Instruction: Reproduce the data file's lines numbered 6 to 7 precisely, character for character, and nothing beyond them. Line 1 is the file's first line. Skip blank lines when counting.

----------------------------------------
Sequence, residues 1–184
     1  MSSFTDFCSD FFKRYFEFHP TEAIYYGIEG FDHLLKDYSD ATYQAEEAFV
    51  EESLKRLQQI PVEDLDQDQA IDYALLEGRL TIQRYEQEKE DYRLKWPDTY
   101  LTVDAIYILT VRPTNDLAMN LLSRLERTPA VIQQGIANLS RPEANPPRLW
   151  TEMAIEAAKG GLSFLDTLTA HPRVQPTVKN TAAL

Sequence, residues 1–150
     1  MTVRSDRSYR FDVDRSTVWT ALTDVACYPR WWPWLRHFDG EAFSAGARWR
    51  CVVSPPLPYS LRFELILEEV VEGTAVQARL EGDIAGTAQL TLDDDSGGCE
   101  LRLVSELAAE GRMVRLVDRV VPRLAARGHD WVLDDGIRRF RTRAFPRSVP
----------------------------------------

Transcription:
Sequence, residues 1–150
     1  MTVRSDRSYR FDVDRSTVWT ALTDVACYPR WWPWLRHFDG EAFSAGARWR